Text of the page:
Public Infrastructure to now oversee construction of Palmyra monument

-in time for October finish

Government ministers visiting the Palmyra site in April

With the go-ahead given for the restart of the Indian immigration monument project at Palmyra, Corentyne, the Ministry of Public Infrastructure will now be overseeing the construction process, Minister of Social Cohesion George Norton says.

With funding for its completion coming from the Government of India, Norton said that it is expected that the project will be completed before Indian Prime Minister Narenda Modi’s visit to this country, which is expected to be in early November.

“The construction is going to be undertaken by the Ministry of Public Infrastructure and they are going to run with it with a date for it to be finished in October,” Norton told Stabroek News last week.

“They are in the process of getting the contract awarded. We are hoping to finish it before the visit of Prime Minister of India, Narendra Modi,” he added.

Minister of Public Infrastructure David Patterson, confirmed that his ministry will be responsible for the oversight of the project and was quick to point out that all other matters rest with the Ministry of Social Cohesion.

 “Note that I am only doing the construction of the project, the management and other such issues remains with Minister Norton. Also, I had nothing to do with the location selection, so I don’t want people ringing me saying they don’t like the site. I am just a builder,” Patterson stressed.

During March 2017, Prime Minister Moses Nagamootoo, together with the Indian High Commissioner, Venkatachalam Mahalingam, had unveiled a signboard depicting the monument at the chosen Palmyra location. Nagamootoo, during that unveiling ceremony, had told media operatives that $97 million had been allocated for the building of the structure upon which the monument would be placed.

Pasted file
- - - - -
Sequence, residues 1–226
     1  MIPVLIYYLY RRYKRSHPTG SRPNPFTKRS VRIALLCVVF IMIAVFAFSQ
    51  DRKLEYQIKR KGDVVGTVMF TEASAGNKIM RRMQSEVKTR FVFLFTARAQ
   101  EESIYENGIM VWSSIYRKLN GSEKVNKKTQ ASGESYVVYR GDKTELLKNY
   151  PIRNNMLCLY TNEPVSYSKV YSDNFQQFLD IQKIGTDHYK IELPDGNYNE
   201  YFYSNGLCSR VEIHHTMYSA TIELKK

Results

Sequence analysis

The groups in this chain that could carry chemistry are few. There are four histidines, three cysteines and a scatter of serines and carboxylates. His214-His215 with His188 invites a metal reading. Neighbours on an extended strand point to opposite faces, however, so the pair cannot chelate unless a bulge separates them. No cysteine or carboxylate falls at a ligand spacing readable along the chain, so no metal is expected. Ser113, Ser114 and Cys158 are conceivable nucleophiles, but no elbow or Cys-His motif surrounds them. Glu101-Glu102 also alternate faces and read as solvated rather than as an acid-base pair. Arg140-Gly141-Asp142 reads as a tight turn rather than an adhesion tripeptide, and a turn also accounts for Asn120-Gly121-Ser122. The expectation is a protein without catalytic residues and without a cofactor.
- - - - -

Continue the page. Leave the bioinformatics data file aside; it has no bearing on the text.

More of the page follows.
Initiated under the former Ministry of Culture, Youth and Sport, the base for the US$150,000 bronze sculpture, a gift from the Government of India, crumbled last year April while Phase 2 works were ongoing, in a bid to meet the May 5th Indian Arrival Day observances.

It was said to have been 85% completed at the time of the collapse.

The project had initially been divided into three phases. Phase one, which dealt with the preparatory works, including the construction of an access road at the site, was awarded to Erron Lall Civil Engineering Works on September 12, 2016, at a cost of $43 million, following bids from 13 companies. The Department of Public Information (DPI) had stated that up to the point of collapse, some $26.5 million had been paid to the contractor and 60% of the works had been completed.

Phase two, which entailed the construction of the base, had been contracted to Alternative Contracting Enterprise, at a cost of $42.2 million. The contractor had been paid $22.8 million up to that point, and while government gave no estimate of the works completed, an employee had told this newspaper it was 85% complete.

Phase three entails landscaping and finishing works at the site. Bids were received from 11 companies, and an $8.2 million contract for the work had been awarded to BK International. DPI had said that that aspect of the works has since been suspended.

The Indian government had promised technical assistance, according to DPI, which had issued a statement on the collapse, blaming the People’s Progressive Party/Civic (PPP/C) for the poor design of the structure.

Former Minister of Culture, Youth and Sport Dr Frank Anthony, under the PPP/C, had denied any wrongdoing on his ministry’s part.

Since the embarrassing collapse last year April, the project has come under close scrutiny. While most opined that the cause of the collapse was substandard work, questions were also raised about the awarding of the $42 million contract for the construction to the Linden-based company, Alternative Contracting Enterprise.

In April, a ministerial team comprising  Patterson, Norton and, Minister of Natural Resources, Raphael Trotman, had visited the site and disclosed that the governments of Guyana and India had signed a co-operation agreement for its completion.

Without giving a time frame, they had also stated that the monument is likely to be completed before the Indian Prime Minister’s visit, later this year.

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